The Pursuit, honestly.



I’m going to be honest. Many people are asking what The Pursuit is, and I struggle.

Aside from the many hundreds who have been part of it each year, loved it and been blessed by it, I find it hard to know where to begin explaining it from scratch.

Not because we lack clarity of vision, but because it’s different to what we’ve experienced before. Let me explain quickly.

So much of how we understand and communicate new things is based on what we’ve had before. When it comes to hearing about a new Christian event, we make assumptions about what it will be like based on what we’ve experienced before – especially if it’s a ministry name we’re familiar with involving people we’ve heard of.

We value those events and our friends involved in running them. And we don’t want to describe ourselves by what or who we aren’t. We’re simply doing something different.

The problem is, sometimes it can be hard to imagine another way.


We know how easy it is to get distracted. To be sidetracked by what’s around us. For the values of consumerism, individualism and celebrity culture that dictate society to subtly permeate our theology and practices as disciples of Jesus. Before we know it we’re selling ourselves short – and our churches and our neighbours – on the good news of the kingdom of God on earth.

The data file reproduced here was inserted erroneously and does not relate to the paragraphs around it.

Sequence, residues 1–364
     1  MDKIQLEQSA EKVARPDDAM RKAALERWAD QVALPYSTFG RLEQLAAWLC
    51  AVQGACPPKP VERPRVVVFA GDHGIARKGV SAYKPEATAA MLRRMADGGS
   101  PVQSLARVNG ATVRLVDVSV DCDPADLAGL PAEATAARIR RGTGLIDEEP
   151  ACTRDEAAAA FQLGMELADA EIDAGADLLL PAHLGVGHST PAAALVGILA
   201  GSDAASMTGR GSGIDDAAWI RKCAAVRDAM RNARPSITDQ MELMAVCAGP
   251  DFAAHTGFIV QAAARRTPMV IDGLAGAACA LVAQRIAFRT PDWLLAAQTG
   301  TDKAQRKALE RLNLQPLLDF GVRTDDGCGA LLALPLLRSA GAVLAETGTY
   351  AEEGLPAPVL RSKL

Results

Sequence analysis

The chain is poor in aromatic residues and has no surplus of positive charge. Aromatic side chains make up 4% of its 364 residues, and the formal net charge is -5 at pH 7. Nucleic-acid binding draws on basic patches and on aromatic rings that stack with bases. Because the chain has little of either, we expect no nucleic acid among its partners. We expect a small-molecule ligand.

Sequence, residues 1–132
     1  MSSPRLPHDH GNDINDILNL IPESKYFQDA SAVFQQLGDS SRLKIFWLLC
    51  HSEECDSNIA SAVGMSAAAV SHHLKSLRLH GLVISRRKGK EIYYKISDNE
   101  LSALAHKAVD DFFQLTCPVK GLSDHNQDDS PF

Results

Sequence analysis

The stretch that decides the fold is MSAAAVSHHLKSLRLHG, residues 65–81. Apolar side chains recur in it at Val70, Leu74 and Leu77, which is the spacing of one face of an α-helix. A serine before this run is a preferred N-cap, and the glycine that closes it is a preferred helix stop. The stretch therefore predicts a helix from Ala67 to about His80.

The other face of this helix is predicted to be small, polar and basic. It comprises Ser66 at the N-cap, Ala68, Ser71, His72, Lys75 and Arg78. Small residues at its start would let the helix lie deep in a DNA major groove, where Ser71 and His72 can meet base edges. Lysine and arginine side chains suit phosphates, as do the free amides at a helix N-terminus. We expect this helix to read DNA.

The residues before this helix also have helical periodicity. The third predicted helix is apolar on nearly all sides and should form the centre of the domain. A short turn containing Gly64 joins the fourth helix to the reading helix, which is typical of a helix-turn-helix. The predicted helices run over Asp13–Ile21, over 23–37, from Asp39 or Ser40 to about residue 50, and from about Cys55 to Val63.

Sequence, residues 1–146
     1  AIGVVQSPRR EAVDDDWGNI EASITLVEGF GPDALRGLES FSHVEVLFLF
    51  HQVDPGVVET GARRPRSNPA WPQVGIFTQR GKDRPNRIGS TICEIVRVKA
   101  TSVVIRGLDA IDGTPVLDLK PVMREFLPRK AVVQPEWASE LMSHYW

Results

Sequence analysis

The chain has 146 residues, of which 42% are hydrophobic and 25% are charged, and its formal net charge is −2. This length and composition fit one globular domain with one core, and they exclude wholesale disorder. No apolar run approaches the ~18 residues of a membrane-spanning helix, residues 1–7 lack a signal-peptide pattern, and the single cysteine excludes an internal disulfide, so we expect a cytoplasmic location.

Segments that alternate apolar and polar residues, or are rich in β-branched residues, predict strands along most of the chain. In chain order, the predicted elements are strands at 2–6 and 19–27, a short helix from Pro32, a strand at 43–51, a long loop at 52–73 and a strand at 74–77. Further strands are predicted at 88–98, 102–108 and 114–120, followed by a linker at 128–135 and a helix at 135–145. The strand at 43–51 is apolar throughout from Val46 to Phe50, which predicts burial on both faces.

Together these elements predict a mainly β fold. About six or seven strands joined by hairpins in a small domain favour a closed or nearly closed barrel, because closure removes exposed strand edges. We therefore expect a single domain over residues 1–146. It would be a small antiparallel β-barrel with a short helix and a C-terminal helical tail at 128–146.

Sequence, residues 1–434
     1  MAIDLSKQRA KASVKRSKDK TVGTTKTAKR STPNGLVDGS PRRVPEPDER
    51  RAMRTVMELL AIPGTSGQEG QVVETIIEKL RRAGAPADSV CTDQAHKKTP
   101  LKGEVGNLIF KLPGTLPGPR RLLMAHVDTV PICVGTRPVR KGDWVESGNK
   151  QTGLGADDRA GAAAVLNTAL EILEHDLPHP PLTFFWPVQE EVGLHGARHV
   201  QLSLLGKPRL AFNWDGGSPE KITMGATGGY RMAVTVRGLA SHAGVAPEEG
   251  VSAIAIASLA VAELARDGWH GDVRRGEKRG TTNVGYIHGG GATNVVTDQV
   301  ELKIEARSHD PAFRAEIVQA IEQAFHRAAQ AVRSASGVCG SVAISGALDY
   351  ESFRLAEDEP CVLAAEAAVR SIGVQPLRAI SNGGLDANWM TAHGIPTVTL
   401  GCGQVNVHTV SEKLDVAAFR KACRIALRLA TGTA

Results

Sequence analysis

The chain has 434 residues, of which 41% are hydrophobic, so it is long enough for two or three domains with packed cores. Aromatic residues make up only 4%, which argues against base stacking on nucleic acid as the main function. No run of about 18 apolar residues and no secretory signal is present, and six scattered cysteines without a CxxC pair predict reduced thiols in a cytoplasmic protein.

We’ve ended up as a generation in our teens, 20s and 30s in which many of us are lacking confidence that we have a significant part to play in the work of God on earth, and unsure how we would even go about it if we did. It may come across as apathy, but really we don’t know where to begin.

In a society permeated with individualism, celebrity culture and consumerism, The Pursuit is an opportunity to recover our holy identity and learn practically how to live differently. Not just for the sakes of our own relationship with God, but for our local churches and streets too.

This is the third year we’ve made space for those who want to come away on a retreat. A space where God rests us, refreshes us and sends us back to our neighbourhoods thinking and living a bit more like him.

What’s different?

Following Jesus is a matter of practical pursuit. We learn mostly by experience, not hearing. We often forget new things we’ve read, heard and sung. We rarely forget new things we’ve done.

We’ve pulled together with some friends we’re learning from, hosting activities and experiences that help return to our neighbourhoods more confident, competent and aware of God’s company with us. They range from the fun to the serious, the life changing to the restful and creative.

In the last few years these have included:

  • Being practically taught how to approach, serve and pray for strangers in public, by going out on the streets, having it modelled, then doing it ourselves
  • Sourcing and making nettle tea in the woods
  • A waste food midnight feast
  • A secret doubt garden
  • 12-minute Pursuit Talks from people you’ve never heard of doing things you may never have thought of, with 2-way Q&A that helps us learn together.